In this article we will discuss about the sulphur cycle with the help of diagram.
Sulphur, like nitrogen and carbon, is an essential part of all living matter because sulphur containing amino acids are always present in almost all kinds of proteins. Plants can absorb directly the sulphur containing amino acids, e.g., cystine, cysteine, and methionine but these amino acids fulfill only a small proportion or requirements for sulphur.
To fulfill rest of the requirements of plants, sulphur passes through a cycle of transformation mediated by microorganisms. It accumulates in the soil mainly as a constituent of organic compounds and has to be converted to sulphates to become readily available to the plants.
The complete cycling of sulphur is schematically represented in Fig. 30.4 and some important steps are discussed as under:
(a) Degradation of Organic Compounds to Release H2S:
(i) Degradation of proteins (proteolysis) liberates amino acids which generally contain sulphur.
(ii) Enzymatic activity of many heterotrophic bacteria result in the release of H2S from further degradation of sulphur containing amino acids.
(iii) Sulphates may also be reduced to H2S by the action of Desulfotomaculum bacteria.
(b) Oxidation of Hydrogen Sulphide (H2S) to Elemental Sulphur:
Hydrogen sulphide undergoes decomposition to produce elemental sulphur by the action of certain photosynthetic sulphur bacteria, e.g., members belonging to the families Chlorobiaceae (Chlorobium) and Chromatiaceae (Chromatium).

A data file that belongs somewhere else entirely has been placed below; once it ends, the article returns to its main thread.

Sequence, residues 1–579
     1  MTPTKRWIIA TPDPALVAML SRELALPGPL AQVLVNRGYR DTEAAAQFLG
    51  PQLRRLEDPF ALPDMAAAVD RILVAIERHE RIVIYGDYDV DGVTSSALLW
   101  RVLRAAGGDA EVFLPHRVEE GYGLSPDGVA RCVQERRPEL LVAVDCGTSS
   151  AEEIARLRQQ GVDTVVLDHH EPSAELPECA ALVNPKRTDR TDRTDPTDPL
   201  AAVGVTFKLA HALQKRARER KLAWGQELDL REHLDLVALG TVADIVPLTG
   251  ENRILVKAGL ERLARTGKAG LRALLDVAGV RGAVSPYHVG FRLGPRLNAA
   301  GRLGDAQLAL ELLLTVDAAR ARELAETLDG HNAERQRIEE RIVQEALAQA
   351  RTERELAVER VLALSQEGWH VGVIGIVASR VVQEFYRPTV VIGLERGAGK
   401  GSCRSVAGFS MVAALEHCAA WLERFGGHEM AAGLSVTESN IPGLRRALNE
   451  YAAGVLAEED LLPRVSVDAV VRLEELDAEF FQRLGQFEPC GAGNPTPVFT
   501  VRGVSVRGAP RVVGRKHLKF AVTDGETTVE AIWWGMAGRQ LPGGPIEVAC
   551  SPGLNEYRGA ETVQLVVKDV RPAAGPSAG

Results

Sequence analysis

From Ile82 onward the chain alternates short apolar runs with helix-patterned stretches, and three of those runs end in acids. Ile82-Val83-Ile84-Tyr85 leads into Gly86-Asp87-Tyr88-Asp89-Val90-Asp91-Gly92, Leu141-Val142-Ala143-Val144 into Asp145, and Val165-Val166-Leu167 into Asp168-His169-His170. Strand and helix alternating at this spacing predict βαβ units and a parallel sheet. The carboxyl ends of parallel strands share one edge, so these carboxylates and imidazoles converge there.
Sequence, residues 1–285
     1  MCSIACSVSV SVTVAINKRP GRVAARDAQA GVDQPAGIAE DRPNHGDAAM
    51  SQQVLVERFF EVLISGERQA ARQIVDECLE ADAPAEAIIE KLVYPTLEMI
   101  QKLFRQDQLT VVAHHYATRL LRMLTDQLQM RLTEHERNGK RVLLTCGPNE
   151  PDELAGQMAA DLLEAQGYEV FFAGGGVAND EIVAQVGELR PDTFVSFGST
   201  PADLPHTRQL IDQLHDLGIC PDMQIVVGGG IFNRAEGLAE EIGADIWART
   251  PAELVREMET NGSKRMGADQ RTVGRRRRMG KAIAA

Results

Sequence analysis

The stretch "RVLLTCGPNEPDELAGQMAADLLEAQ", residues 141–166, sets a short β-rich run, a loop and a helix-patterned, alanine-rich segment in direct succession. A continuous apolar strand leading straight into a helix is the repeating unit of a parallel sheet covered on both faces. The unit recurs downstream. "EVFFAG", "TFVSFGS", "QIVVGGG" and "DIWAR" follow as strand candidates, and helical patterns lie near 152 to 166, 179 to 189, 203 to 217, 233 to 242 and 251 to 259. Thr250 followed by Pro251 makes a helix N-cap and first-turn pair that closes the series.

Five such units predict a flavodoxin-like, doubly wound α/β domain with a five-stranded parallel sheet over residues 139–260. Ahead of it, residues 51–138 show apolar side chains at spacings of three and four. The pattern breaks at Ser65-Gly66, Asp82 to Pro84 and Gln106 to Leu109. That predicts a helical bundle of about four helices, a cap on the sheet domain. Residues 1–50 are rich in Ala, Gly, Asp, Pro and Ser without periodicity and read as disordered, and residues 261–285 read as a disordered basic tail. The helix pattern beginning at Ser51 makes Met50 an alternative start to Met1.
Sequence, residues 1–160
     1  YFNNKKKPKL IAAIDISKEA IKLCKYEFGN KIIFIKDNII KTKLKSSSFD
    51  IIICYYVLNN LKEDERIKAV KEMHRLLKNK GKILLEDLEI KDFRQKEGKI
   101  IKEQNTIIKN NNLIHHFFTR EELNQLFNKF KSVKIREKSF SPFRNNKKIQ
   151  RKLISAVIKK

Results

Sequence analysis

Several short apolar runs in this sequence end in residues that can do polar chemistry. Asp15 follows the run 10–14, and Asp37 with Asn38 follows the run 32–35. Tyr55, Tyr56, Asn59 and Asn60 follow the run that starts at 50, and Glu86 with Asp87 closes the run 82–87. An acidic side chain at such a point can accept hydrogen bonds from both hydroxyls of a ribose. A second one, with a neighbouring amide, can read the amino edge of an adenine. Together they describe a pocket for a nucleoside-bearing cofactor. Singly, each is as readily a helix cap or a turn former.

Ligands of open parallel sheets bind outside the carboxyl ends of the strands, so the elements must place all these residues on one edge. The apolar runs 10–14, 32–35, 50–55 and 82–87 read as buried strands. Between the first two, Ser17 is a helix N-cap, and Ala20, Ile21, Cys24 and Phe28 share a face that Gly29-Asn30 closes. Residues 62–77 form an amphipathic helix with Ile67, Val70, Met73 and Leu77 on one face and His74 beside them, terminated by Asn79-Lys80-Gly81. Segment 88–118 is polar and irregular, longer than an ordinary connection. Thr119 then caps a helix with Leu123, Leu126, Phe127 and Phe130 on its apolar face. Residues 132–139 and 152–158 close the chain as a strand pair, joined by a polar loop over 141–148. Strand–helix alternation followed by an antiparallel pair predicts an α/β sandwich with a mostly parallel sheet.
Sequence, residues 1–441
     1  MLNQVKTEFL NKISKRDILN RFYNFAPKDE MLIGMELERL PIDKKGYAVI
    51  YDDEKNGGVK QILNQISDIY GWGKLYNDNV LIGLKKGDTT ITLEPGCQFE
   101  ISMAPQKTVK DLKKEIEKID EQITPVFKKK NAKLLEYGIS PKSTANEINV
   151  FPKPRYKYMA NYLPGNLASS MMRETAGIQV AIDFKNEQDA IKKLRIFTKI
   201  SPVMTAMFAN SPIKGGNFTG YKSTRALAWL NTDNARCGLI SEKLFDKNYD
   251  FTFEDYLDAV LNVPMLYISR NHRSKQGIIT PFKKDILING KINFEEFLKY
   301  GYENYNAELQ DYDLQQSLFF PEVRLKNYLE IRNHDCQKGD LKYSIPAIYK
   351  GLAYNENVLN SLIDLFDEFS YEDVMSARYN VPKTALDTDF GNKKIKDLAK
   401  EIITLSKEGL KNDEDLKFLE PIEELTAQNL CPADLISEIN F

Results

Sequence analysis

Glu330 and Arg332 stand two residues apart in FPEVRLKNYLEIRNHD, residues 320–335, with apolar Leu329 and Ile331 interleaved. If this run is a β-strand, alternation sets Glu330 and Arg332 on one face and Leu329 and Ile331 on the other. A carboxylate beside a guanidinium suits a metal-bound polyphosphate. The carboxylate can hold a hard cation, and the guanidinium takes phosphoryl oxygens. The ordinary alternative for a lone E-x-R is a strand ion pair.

Some non-sulphur purple bacteria, e.g., Rhodospirillum, Rhodopseudomonas, and Rhodomicrobium, which are facultative phototrophs and grow aerobically in the dark and anaerobically in the light, can also degrade H2S to elemental sulphur.
(c) Oxidation of Elemental Sulphur to Sulphates:
Elemental form of sulphur accumulated in soil by earlier described processes cannot be utilized as such by the plants. It is oxidized to sulphates by the action of chemolithotrophic bacteria of the family Thiobacteriaceae (Thiobcicillus thiooxidans).
Sulphates are the compounds that can readily be taken by the plants and are beneficial to agriculture in the following three ways:
(i) It is the most suitable source of sulphur and is readily available to plants.
(ii) Accumulation of sulphate solubilizes organic salts that contain plant nutrients such as phosphates and metals.
(iii) Sulphate is the anion of a strong mineral acid (H2SO4) and prevents excessive alkalinity due to ammonia formation by soil microorganisms.
Sulphate is assimilated by plants and is incorporated into sulphur containing amino acids and then into proteins. Animals fulfill their demand of sulphur by feeding on plants and plant products.
(d) Reduction of Sulphates:
Sulphate is first reduced to H2S by sulphate reducing microorganisms under anaerobic conditions. Many bacteria including species of Bacillus, Pseudomonas, Desulfovibrio do this work. The mechanism of sulphate reduction to hydrogen sulphide involves, firstly, the reduction of sulphate to sulphite utilizing ATP and, secondly, reduction of sulphite to hydrogen sulphide.
The whole mechanism of the reduction of sulphate to hydrogen sulphide by Desulfovibrio desulfuricans, the most important bacterium of this reduction, can be represented as follows: